Covid war- unhappy soldiers: says Supreme court


 

In present era, these are toughest times for health care staff and hospitals as well.  Warriors on the front lines are doctors and nurses, whereas hospitals are grappling with financial constraints.  What should have been most   desirable at this crucial time, was the   encouragement and psychological support to these warriors.  Administrators were supposed to give some moral boosting and financial support or at least, the rightful, so that health staff  should work willingly and inspire next generation for future catastrophe like this.  Instead of armchair preaching to health care staff, there should have been robust  rules and guidelines to protect health care staff and health systems as doctors and nurses are working under tremendous psychological pressure.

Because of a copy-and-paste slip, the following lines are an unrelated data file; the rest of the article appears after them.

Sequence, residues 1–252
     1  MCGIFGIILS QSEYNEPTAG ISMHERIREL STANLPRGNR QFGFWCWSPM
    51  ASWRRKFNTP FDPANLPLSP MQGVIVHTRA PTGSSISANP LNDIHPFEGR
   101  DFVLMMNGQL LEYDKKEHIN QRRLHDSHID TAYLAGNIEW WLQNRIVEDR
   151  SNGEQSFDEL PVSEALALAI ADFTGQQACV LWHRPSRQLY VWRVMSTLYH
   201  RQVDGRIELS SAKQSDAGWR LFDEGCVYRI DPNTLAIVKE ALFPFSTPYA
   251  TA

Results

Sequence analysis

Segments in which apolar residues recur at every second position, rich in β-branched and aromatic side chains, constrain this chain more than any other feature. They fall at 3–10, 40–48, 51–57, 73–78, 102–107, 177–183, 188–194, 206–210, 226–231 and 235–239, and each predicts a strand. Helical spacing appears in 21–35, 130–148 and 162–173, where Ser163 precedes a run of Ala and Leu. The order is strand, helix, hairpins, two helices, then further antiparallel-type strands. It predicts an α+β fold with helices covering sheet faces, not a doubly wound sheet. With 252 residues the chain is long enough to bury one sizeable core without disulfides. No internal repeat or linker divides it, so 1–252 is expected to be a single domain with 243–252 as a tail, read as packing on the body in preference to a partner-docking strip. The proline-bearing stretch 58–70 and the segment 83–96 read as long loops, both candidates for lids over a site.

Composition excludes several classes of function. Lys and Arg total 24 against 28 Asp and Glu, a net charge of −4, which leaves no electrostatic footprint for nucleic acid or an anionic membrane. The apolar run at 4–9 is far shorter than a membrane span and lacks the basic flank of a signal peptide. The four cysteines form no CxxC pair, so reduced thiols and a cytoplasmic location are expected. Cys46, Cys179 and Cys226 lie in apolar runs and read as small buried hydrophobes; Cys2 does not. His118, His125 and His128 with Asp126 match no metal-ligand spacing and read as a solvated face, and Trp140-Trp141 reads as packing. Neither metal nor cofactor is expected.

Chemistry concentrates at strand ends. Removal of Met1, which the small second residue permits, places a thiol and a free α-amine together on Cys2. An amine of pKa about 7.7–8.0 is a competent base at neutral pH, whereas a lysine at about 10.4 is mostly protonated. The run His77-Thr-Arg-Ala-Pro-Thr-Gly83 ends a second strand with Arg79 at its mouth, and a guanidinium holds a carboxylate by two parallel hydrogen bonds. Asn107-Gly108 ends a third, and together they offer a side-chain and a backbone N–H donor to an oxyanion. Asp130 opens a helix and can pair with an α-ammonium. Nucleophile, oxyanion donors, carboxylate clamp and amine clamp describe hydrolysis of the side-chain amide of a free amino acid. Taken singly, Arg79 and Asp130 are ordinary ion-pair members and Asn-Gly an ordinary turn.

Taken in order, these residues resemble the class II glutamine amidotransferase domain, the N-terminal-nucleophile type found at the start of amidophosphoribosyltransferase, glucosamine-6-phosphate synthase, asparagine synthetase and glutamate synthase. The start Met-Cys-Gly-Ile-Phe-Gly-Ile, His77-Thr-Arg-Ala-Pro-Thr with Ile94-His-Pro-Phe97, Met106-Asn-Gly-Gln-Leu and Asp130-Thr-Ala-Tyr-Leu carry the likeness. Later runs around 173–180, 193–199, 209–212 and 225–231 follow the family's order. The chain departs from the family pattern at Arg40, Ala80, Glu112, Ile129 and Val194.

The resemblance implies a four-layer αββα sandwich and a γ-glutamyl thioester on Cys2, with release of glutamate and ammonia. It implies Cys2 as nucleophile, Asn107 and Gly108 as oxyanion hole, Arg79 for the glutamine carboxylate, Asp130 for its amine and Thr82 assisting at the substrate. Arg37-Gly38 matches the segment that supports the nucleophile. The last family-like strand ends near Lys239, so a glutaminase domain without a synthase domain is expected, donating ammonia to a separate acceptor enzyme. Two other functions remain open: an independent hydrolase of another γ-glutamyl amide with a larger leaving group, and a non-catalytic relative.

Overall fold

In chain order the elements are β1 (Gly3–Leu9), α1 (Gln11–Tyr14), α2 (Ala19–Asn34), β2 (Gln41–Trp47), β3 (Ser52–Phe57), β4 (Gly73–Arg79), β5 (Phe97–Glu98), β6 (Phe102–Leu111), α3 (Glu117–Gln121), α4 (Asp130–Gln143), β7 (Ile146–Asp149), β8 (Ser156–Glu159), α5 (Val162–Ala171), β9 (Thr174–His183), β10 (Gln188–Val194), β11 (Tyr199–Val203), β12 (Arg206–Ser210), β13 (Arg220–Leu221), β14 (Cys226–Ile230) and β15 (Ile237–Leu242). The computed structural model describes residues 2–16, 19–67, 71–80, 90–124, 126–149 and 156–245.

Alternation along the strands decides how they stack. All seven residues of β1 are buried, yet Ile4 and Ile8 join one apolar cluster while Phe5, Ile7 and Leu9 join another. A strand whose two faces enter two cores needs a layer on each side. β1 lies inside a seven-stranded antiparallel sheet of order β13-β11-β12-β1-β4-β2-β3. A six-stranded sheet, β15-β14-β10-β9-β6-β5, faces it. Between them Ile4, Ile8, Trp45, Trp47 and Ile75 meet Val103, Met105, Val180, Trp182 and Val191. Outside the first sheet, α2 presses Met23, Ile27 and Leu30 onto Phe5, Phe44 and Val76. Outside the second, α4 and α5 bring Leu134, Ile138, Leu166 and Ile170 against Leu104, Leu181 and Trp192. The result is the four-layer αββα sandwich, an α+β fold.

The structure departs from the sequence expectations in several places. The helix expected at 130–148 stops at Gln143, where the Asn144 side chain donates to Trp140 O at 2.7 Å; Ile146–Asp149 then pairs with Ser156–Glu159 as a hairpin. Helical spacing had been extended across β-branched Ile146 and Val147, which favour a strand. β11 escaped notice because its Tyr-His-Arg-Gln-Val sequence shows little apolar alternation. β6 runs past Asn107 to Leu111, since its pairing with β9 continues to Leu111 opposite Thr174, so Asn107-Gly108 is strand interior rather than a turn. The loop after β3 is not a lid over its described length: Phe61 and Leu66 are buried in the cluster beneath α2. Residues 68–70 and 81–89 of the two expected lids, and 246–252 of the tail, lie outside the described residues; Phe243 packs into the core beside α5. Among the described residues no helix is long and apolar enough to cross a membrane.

But the desired did not happen, as the chaotic management due to economical compulsions or just trying to be projected as an outstanding administrator turned out to be a real possibility rather than exception.

Moral and legal compulsions thus caused  immense pressure on health care workers  and  they became an  easy  subject  to moral and legal blackmail.  The  pressure to perform their duties in sub-optimal and below par conditions became a new norm.  

Every day when doctors and nurses, while going to work have this thought in mind. But still they continue to work amid their own tensions, worries about families.

The non-payment of salaries, disrespect to health care staff and being made to work in below par conditions, without PPE’s at some places has caused tremendous discouragement to the medical profession.

 

In war, you don’t make soldiers unhappy, says SC on non-payment of salaries to doctors

The courts should not be involved in the issue of non-payment of salary to health care workers and government should settle the issue, it said.

NEW DELHI: “In war, you do not make soldiers unhappy. Travel extra mile and channel some extra money to address their grievances,” the Supreme Court said on Friday taking serious note of non-payment of salary and lack of proper accommodation to doctors engaged in fight against Covid-19.